Heidegger's Bible Handbook: Harmony of the Gospels: Dispute over the Length of Christ's Ministry

6. The space of time between His Baptism and ascension variously disputed among ancient and more recent men.

Joseph Scaliger

Moreover, concerning the space of time that passed from the Baptism of Christ to His ascension into Heaven, there are a variety of opinions. The common opinion among the most ancient was that the whole ministry of Christ was completed in the interval of one year or Passover, with the occasion taken from this, that Matthew, Mark, and Luke make mention of one Passover. Irenæus was the first to observe that John enumerates multiple Paschal feasts in the ministry of Christ. But he did not from John define the correct number of Passovers: indeed, declining to traditions, which in his age had a great show of plausibility, he relates that all the Elders in Asia testified, that John related that Christ was indeed baptized in His thirtieth year, but did not begin to teach before His fortieth year, at which time He attained to the age of a teacher; and at length, after He had taught for a number of years, He arrived at the age of Elders, which was about the fiftieth year. But that obviously ἄδηλος/uncertain tradition has no appearance of truth, and is openly inconsistent with the Gospel history. In our Age also, Theologians and Chronologists are divided in opinion, while some admit only three Passovers during the ministry of Christ: others gather four out of the Evangelists: yet others, five, of whose number is Joseph Scaliger, de Emendatione, book 6, page 552; and, following him, Wilhelmus Langius,[1] de Annis Christi, book 2, chapter 10, out of the Evangelists, and Sethus Calvisius,[2] Isagoge Chronologica, chapter 49, out of the Canons of the Callipic cycle,[3] and also by the ordinary motion of the Moon, busy themselves to elicit and demonstrate five Passovers.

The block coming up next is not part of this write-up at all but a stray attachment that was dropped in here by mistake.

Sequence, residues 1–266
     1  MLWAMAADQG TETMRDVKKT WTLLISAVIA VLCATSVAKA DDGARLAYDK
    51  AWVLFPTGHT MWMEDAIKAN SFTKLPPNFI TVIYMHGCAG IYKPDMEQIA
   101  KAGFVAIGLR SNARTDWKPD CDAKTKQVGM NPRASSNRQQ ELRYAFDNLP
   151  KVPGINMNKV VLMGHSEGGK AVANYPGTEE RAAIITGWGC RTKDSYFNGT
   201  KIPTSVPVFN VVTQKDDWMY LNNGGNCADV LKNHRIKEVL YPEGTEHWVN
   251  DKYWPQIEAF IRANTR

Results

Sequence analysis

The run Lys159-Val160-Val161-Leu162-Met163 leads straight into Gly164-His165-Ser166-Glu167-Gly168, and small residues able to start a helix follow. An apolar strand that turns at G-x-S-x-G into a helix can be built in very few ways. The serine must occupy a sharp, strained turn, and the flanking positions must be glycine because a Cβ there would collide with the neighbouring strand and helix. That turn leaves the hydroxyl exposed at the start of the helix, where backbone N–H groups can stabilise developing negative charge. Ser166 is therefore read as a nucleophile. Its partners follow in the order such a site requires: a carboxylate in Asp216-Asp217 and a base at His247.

[1] Wilhelmus Langius (1624-1682) was a Danish mathematician, astronomer, and jurist. [2] Sethus Calvisius (1556-1615) was a German music theorist, astronomer, and chronologer. [3] Callippus (c. 370-c. 300 BC) was a Greek astronomer. He attempted to construct an accurate lunisolar calendar of seventy-six years, consisting of nine hundred and forty lunations.